Key Art of "Summer of Rockets" featuring Keeley Hawes and Toby Stephens.

Summer of Rockets

Start watching


Start watching

SoCal Update

Start watching
Death in Paradise Series 10

Death in Paradise

Start watching
millionaire still

KCET Must See Movies

Start watching

Independent Lens

Start watching

Tending Nature

Start watching
Southland Sessions

Southland Sessions

Start watching

Earth Focus

Start watching
City Rising

City Rising

Start watching
Lost LA

Lost LA

Start watching
Your donation supports our high-quality, inspiring and commercial-free programming.
Support Icon
Learn about the many ways to support KCET.
Support Icon
Contact our Leadership, Advancement, Membership and Special Events teams.

How to Ready Your Home for Holiday Guests

Support Provided By
Photo by <a href="">Sonja Lovas</a>/Flickr/<a href="">Creative Commons</a>
Photo by Sonja Lovas/Flickr/Creative Commons

Whether you're greeting carolers at the door, hosting friends for cocktail parties or family members for overnight stays, the holidays always mean guests -- and guests, no matter how welcome, always mean stress.

But with a little preparation, you can get your home ready for the next wave of holidays and not break a sweat as soon as the doorbell rings.

Start with the entryway.
This is the first stop for all your guests, so you'll want to tidy up the space to make it more welcoming for them and less hectic for you. Stow your unworn shoes in a closet and clear off a few hooks to make room for guest garments. If your entryway table tends to be a haphazard drop zone for mail, keys, coins and other little things, corral all that clutter into a basket.

Cozy up the guest bedroom.
Change the sheets, fluff the pillows, and designate a space for your guests to set down their suitcase or hang up their clothes. Create a charging station for phones and other gadgets by clearing an outlet to plug into and leaving a note with your wifi password.

No guest bedroom?
If all you have is a sofa bed for guests to sleep on, consider adding a foam mattress topper to make it more comfortable. Leave a few empty hangers in the coat closet for their clothes and designate a space to store linens during the day (such as the coat closet, your bedroom closet, or an ottoman) so you can still entertain on the couch.

Refresh the guest bath.
Hang a set of clean towels and stash extra toilet paper within reach in the bathroom. Place a toilet plunger in a discreet but visible spot beside the toilet — hey, it happens, and it's much less embarrassing for a guest to handle the problem himself than to ask you for assistance (especially if you're in the middle of entertaining a crowd).

A warm home is an inviting home.
I once visited a friend whose house was so cold (because he believed in setting the thermostat at 65°F to save energy) that I wore my down jacket the whole time I was inside. Needless to say, it was neither warm nor inviting. Don't make your guests suffer by being stingy with the heat. Keep the ambient room temperature comfortable enough for a single layer of clothes, and throw down a few rugs if you have cold floors.

If you have a fireplace, inspect your chimney to see if it needs to be swept or repaired. For wood-burning fireplaces and stoves, stack a night's worth of logs inside and keep another stack outside, near the house, in a sheltered area. (Need some 411 on firewood? Check out our guide.)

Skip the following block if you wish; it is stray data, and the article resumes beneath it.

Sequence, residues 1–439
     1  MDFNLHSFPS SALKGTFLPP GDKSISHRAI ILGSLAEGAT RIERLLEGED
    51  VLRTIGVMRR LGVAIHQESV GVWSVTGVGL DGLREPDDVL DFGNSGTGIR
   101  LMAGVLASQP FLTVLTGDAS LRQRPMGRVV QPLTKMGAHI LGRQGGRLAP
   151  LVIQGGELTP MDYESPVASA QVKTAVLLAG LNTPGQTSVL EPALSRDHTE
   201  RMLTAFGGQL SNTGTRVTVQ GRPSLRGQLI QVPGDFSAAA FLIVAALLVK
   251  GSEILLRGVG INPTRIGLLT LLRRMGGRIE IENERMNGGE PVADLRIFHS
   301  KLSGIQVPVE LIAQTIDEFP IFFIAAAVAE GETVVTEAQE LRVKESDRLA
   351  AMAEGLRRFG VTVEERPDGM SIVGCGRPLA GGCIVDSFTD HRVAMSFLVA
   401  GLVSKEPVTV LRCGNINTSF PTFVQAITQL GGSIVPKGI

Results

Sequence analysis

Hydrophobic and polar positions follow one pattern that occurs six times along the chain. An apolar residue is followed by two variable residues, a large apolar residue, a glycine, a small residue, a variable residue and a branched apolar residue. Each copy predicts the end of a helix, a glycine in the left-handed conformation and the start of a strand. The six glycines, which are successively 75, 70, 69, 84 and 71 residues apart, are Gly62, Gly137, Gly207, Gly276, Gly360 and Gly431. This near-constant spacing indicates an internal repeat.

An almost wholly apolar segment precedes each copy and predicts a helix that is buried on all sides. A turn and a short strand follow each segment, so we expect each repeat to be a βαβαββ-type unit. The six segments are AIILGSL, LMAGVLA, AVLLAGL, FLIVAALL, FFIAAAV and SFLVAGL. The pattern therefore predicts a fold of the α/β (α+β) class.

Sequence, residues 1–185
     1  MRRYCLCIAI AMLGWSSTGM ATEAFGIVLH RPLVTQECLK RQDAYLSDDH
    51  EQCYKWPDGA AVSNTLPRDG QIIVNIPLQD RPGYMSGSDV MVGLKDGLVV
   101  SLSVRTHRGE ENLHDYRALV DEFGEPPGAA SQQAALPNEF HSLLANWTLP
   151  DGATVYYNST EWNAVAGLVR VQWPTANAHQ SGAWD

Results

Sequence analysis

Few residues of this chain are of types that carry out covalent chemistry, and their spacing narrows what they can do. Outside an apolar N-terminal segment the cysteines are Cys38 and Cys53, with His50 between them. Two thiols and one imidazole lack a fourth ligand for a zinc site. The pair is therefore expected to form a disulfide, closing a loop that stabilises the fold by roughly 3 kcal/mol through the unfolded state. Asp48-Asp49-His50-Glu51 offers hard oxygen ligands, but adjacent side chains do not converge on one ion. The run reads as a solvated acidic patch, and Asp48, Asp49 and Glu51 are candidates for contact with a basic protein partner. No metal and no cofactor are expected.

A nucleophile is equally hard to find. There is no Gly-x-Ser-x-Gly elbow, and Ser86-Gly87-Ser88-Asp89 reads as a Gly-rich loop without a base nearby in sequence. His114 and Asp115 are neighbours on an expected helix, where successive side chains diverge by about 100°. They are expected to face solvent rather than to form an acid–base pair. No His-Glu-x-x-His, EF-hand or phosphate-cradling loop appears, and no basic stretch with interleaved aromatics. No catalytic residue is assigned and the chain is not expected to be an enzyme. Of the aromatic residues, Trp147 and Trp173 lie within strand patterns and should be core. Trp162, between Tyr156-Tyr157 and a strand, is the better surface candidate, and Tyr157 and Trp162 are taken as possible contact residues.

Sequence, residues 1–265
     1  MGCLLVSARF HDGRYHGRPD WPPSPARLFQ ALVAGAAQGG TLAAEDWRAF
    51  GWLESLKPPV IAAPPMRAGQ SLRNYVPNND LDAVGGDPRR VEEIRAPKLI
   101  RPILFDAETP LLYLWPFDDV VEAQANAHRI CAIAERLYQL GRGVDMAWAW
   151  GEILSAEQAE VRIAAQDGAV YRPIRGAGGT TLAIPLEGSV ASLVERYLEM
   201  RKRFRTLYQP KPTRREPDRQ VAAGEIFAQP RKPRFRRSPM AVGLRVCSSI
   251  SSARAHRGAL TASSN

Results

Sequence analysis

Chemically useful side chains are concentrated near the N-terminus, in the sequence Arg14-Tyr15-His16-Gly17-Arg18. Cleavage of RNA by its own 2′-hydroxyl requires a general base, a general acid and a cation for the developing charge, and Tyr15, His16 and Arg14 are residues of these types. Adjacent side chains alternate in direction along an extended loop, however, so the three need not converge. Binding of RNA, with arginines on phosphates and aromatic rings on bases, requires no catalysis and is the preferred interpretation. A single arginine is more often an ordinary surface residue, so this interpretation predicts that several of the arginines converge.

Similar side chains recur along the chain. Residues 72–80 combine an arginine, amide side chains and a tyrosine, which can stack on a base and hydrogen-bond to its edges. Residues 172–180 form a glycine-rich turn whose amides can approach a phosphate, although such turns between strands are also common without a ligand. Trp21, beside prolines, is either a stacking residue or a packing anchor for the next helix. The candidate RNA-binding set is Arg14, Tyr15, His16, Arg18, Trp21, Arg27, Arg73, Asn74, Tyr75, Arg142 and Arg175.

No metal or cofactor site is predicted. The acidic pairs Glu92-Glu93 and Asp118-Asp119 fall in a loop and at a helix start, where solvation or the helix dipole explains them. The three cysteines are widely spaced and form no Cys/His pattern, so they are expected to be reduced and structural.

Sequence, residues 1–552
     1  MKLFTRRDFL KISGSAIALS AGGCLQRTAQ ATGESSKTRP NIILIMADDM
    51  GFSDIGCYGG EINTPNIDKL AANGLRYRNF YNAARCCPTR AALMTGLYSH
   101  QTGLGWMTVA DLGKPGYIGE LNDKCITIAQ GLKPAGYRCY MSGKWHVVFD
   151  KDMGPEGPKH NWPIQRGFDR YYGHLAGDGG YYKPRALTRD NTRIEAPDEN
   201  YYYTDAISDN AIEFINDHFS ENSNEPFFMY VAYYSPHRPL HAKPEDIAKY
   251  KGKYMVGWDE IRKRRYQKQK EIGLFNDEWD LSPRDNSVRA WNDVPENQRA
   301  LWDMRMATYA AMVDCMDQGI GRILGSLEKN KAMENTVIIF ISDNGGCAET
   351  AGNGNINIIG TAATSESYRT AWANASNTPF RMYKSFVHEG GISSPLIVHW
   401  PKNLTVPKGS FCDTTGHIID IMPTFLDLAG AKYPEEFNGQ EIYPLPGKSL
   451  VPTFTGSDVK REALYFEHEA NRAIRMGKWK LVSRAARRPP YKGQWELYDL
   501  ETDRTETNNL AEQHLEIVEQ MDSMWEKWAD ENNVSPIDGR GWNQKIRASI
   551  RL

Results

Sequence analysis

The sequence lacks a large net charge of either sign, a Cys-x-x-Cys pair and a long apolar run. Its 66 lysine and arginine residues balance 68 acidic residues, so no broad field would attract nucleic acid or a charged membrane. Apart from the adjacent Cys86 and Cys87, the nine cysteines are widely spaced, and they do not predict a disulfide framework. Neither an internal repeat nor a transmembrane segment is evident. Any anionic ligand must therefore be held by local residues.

Stock up on snacks, wine, and beer.
Small nibbles like almonds, olives, cheese and crackers are a must to have on hand, whether you have a few friends show up unexpectedly or you're hosting a cocktail party with co-workers. Likewise, keep a few bottles of wine and beer (or cider and sparkling water) to offer your guests while they mingle.

Create ambiance on the fly.
Drape throw blankets over chairs and couches. Their function is twofold: to keep your guests comfortable as well as hide any pet hair or stains you weren't able to remove before company arrived.

Fill a vase with fresh flowers or better yet, hang a wreath on the door. Skip the artificial fragrances and make a simmer pot on the stove to add delicious smells to your home and help humidify the air.

No time to do a thorough clean of the house? Dim the lamps and light votive candles in each room; it's a simple trick that instantly makes a space feel warm and inviting.

Support Provided By
Read More
An illustration of the Three Sisters Garden depicts a tall stalk of corn with beans growing up its stalk. Broad leaves from the squash plant and squash are at the bottom of the stalk.

The Importance of Restoring Ancestral Seeds to Indigenous Communities

Through the process of seed rematriation, where seeds are returned to their place of origin, Indigenous communities restore relationships with their ancestral seeds.
A blue and purplish corn on a table.

Acoma Blue Corn Restored to Its Community of Origin

The restoration of Acoma blue corn to its community of origin represents a hopeful example of how seed rematriation can improve Indigenous foodways.
An asymmetrical ceramic dish holds a small, bite-sized piece of white steamed fish sitting in a thin, broth-y sauce. The fish is topped with a fine green powder. Additionally, someone is pouring more of the sauce from a small ceramic container.

Jon Yao of Kato Finds Confidence in the Flavors of His Taiwanese Upbringing

Los Angeles' Kato Restaurant, where the dishes are edible mnemonic devices for Asian Americans, is an homage to Chef Jon Yao's Taiwanese heritage.